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Expats serving sheesha to juveniles face deportation
February 5, 2017, 9:00 am

Expatriates who are proven to have served sheesha and its derivatives to minors (youths under the age of 21 years) in sheesha cafés will be subjected to deportation and the owners of those cafés will be referred for investigations.

In a press statement issued by Ministry of Interior, the General Department of Public Relations and Security Media revealed that the abovementioned decision was declared recently by the Undersecretary of Ministry of Interior Lieutenant General Sulaiman Al-Fahad.

The undersecretary affirmed that the State of Kuwait is one of the first signatory countries of the Convention concerning the Rights of the Child in 1991 within the framework of the United Nations to guarantee the rights of children. Lieutenant General Al-Fahad highlighted the fact that juveniles are an inseparable part of the society and can neither be neglected nor ignored. He stressed the commitment of security institutions to protect the rights of children and young individuals as well as provide for them opportunities to grow mentally, morally, physically, socially and spiritually in a proper and natural environment.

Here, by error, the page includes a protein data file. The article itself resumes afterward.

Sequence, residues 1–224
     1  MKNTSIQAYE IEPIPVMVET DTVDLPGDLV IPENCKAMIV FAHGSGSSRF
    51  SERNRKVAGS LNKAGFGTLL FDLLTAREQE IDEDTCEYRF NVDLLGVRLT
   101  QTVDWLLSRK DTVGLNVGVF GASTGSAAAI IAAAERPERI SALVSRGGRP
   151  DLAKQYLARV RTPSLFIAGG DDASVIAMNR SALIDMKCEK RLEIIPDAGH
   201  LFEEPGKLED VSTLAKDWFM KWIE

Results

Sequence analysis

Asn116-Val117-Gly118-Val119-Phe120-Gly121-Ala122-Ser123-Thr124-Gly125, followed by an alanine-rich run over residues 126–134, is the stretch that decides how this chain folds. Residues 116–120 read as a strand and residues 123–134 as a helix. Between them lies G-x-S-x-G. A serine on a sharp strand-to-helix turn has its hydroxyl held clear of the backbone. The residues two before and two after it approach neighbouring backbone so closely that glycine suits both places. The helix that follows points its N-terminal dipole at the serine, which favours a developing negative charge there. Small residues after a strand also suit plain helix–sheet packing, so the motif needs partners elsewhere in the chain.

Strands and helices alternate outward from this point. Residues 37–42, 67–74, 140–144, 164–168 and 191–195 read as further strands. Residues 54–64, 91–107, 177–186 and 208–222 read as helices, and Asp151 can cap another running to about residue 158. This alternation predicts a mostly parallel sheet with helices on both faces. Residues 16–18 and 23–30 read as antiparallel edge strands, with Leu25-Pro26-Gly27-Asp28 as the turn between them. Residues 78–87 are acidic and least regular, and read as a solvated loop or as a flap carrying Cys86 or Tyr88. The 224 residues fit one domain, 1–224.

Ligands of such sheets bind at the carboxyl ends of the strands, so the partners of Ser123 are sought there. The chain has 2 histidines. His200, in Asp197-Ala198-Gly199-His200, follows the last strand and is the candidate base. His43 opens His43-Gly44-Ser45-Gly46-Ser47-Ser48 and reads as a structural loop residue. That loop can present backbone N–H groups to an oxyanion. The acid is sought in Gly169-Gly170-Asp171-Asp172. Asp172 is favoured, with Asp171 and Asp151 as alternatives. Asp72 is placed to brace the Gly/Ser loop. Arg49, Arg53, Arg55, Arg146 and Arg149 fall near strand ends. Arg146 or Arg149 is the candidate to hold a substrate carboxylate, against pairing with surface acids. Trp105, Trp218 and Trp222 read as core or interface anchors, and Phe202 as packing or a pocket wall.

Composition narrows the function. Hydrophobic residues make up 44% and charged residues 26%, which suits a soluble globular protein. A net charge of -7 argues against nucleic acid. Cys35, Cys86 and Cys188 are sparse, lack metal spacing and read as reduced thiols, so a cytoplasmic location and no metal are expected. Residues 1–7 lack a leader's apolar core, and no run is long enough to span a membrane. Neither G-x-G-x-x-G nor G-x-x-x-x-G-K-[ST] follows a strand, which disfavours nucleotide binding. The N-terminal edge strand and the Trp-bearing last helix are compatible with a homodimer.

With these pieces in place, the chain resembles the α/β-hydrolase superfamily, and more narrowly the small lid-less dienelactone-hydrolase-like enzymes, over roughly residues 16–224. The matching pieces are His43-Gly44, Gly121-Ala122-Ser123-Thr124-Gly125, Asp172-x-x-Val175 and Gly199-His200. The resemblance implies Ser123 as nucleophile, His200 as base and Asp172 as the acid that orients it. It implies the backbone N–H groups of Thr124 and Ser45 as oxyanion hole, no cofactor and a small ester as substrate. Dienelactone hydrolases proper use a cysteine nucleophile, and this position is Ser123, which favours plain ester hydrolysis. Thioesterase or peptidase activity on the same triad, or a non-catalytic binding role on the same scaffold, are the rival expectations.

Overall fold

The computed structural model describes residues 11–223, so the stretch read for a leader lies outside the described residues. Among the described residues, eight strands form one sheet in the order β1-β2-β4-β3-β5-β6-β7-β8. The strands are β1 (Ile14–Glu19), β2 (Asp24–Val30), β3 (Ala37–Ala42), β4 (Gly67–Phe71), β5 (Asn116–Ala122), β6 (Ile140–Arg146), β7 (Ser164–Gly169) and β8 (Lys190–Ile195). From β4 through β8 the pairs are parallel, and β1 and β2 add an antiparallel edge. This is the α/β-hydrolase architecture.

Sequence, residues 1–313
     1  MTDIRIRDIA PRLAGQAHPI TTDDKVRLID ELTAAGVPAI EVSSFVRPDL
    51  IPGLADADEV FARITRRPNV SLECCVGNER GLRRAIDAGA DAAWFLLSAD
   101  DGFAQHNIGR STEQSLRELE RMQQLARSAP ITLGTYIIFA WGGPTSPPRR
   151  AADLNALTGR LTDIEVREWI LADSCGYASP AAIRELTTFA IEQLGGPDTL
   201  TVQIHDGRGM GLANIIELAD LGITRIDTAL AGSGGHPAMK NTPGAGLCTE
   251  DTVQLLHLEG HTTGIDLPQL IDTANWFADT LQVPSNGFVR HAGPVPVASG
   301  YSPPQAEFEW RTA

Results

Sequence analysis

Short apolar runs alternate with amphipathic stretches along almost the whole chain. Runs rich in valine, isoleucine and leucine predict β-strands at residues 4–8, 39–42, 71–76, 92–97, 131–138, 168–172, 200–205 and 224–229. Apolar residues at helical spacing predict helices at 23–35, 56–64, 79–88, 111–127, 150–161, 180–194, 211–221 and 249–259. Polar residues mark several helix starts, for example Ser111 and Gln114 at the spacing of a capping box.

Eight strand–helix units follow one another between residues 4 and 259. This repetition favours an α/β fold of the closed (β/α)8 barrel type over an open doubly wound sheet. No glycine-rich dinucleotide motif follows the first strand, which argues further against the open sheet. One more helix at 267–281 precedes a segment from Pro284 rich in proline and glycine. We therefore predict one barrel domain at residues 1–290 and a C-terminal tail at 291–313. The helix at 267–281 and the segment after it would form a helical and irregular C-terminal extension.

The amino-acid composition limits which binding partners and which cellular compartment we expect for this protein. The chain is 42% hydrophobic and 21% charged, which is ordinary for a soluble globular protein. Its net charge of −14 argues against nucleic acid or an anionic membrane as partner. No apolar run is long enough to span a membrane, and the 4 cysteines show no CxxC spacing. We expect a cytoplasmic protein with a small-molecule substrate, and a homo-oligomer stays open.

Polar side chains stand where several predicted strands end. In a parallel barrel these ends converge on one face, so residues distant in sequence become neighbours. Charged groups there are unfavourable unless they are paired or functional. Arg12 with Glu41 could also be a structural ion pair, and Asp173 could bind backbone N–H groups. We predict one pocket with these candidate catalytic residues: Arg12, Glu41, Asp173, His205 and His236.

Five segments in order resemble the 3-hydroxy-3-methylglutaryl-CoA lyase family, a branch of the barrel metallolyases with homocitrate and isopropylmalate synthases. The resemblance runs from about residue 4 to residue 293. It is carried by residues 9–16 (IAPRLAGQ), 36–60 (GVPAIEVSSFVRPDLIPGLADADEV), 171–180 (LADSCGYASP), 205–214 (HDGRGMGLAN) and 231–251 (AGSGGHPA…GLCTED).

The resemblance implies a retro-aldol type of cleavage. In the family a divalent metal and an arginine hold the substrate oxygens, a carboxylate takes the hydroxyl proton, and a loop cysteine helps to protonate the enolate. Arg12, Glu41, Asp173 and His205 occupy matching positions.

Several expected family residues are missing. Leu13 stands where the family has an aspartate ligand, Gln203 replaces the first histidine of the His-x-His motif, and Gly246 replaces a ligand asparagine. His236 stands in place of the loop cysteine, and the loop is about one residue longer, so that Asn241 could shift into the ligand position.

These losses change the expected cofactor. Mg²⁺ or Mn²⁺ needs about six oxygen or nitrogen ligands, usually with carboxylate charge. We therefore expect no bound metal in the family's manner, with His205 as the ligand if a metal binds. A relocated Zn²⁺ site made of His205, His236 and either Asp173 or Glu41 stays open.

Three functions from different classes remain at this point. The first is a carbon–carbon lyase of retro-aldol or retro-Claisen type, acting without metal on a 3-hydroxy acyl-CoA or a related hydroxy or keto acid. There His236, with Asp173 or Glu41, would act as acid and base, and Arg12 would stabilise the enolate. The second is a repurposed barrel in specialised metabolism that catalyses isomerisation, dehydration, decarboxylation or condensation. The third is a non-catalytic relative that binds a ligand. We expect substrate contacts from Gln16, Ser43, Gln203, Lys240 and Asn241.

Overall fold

Lieutenant General Al-Fahad highlighted the directives issued by the Deputy Prime Minister and Minister of Interior Sheikh Khaled Al-Jarrah Al-Sabah in this regard, through which the minister emphasized the need to adhere to this principle in order to protect the children of the society. He explained that Article No. 21/2015 concerning the rights of children affirms the importance of protecting children from any risks and explains the cases that are assumed to be risky for children, including health risks. Considering this aspect, sheesha has severe negative effects on children.

Lieutenant General Al-Fahad also stressed that Law No. 15/1995 concerning fight against smoking prohibits selling or providing all types of tobacco and its derivatives to anyone under the age of 21 years. The penalty for such offenses is a fine of KD 50, which doubles for every repeated offense or for breach of the first and second articles of this law.

Lieutenant General Al-Fahad urged parents (both citizens and expatriates) to monitor their children’s activities in order to protect them from wrongful indulgence that could result in undesirable consequences. He also urged them not to hesitate in reporting any café or restaurant that violates the rights of children, through the ministry’s hotline 112 or at the nearest police station so that the issue can be referred to the concerned security department and necessary legal measures can be taken.

Source: Arab Times

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